construct the classes, based on a rigorous definition of the basic elements and the relationship between them.
For a detailed description of the regional stratification of the forests of Central Africa
and the elements of the LCML used to describe each class, please download the typological note of the Forests of Central Africa
There are many maps available on land cover and forest types at local, national and regional scales.
The following table lists all the maps being used to make a harmonised regional map of the Congo Basin forests (in preparation).
The legends and their translations into LCML meta-language are available for download.
Much forest resource management work has focused on 12 landscapes featuring high levels of biodiversity, in seven countries.
Together they cover 680,300 sq. km. Most of them span national borders and are covered by international agreements that
encourage cooperation in monitoring the environment and enforcing the law.
These landscapes were identified as suitable conservation targets at a workshop on prioritising conservation
in Central Africa, held in Libreville in 2000. The workshop was organised by the WWF and brought together more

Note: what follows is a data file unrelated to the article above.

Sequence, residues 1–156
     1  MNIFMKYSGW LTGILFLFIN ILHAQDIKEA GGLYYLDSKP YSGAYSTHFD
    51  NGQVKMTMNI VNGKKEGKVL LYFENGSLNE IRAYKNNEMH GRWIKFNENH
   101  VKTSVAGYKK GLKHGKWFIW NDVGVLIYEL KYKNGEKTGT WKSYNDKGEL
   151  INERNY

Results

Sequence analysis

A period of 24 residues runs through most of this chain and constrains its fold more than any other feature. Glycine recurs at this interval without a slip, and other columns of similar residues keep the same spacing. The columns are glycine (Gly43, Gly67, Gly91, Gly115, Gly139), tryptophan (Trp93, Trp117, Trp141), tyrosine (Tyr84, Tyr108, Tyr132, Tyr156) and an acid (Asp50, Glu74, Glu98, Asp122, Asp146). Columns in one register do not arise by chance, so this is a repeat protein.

than 160 biologists and socio-economists to evaluate the whole region. The 12 landscapes are listed as priority
conservation sectors because of their relative taxonomic importance, their overall integrity and the resilience
of the ecological processes they represent. In line with the principles of integrated large-scale land management
and conservation initiatives, each landscape is divided into its different management type zones,
which include protected areas, grassroots community natural resource management zones and mining zones.
In these zones the CARPE programme, among others,
is working to achieve sustainable natural resource management at the local level.